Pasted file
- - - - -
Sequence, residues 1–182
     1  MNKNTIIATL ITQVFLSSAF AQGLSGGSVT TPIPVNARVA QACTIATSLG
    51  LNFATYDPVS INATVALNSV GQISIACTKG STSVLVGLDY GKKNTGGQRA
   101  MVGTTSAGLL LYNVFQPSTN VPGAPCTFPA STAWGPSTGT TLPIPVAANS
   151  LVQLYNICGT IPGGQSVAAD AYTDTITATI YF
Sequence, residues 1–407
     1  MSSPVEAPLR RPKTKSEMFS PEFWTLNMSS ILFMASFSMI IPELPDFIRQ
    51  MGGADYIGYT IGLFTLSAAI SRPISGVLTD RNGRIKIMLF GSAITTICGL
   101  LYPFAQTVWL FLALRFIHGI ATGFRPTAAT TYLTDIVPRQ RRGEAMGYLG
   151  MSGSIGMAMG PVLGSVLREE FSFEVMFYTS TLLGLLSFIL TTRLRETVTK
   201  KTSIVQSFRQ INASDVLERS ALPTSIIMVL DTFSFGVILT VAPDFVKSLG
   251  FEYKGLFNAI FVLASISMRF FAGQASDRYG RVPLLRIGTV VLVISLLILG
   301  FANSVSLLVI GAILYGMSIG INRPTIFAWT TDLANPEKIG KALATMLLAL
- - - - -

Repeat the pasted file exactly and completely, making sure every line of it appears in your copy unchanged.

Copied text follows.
Sequence, residues 1–182
     1  MNKNTIIATL ITQVFLSSAF AQGLSGGSVT TPIPVNARVA QACTIATSLG
    51  LNFATYDPVS INATVALNSV GQISIACTKG STSVLVGLDY GKKNTGGQRA
   101  MVGTTSAGLL LYNVFQPSTN VPGAPCTFPA STAWGPSTGT TLPIPVAANS
   151  LVQLYNICGT IPGGQSVAAD AYTDTITATI YF
Sequence, residues 1–407
     1  MSSPVEAPLR RPKTKSEMFS PEFWTLNMSS ILFMASFSMI IPELPDFIRQ
    51  MGGADYIGYT IGLFTLSAAI SRPISGVLTD RNGRIKIMLF GSAITTICGL
   101  LYPFAQTVWL FLALRFIHGI ATGFRPTAAT TYLTDIVPRQ RRGEAMGYLG
   151  MSGSIGMAMG PVLGSVLREE FSFEVMFYTS TLLGLLSFIL TTRLRETVTK
   201  KTSIVQSFRQ INASDVLERS ALPTSIIMVL DTFSFGVILT VAPDFVKSLG
   251  FEYKGLFNAI FVLASISMRF FAGQASDRYG RVPLLRIGTV VLVISLLILG
   301  FANSVSLLVI GAILYGMSIG INRPTIFAWT TDLANPEKIG KALATMLLAL